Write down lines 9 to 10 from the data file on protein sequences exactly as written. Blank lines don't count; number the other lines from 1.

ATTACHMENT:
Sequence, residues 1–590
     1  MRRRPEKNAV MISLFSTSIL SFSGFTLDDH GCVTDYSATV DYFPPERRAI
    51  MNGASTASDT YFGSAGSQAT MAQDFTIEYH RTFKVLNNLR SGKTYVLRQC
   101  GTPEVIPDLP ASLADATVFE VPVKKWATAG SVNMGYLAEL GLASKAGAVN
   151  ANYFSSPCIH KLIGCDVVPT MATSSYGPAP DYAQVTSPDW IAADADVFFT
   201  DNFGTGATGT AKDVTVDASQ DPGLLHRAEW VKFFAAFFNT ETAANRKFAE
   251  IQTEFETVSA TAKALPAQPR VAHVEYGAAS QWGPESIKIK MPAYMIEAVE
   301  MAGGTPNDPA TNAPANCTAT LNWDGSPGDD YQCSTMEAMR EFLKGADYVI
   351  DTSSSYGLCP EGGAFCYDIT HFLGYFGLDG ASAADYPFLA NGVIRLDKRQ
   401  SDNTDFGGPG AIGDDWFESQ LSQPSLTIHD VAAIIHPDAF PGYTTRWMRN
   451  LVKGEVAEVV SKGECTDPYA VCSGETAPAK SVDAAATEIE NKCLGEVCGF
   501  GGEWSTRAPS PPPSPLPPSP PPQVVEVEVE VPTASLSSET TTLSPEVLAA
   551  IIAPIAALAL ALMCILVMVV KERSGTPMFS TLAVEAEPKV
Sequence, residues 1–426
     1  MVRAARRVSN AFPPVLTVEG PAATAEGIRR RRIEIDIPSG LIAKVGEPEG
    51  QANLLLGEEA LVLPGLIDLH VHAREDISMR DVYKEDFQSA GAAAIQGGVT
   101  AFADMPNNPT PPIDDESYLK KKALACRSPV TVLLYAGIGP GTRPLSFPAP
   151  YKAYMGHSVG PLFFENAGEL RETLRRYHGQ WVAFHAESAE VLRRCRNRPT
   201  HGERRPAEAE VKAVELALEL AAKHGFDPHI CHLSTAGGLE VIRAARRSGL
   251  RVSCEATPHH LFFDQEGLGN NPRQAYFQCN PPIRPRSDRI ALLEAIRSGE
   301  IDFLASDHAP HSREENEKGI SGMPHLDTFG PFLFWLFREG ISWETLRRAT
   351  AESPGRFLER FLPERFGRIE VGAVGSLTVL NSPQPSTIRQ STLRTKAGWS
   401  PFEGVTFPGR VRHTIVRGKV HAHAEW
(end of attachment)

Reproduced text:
   351  DTSSSYGLCP EGGAFCYDIT HFLGYFGLDG ASAADYPFLA NGVIRLDKRQ
   401  SDNTDFGGPG AIGDDWFESQ LSQPSLTIHD VAAIIHPDAF PGYTTRWMRN